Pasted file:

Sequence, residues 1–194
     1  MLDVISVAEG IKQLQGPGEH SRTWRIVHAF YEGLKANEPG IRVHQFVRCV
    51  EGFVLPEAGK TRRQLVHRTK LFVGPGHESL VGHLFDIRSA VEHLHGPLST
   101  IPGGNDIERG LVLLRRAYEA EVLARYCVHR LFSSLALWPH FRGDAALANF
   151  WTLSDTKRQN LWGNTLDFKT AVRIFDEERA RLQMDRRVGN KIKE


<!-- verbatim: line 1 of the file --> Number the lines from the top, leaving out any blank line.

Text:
Sequence, residues 1–194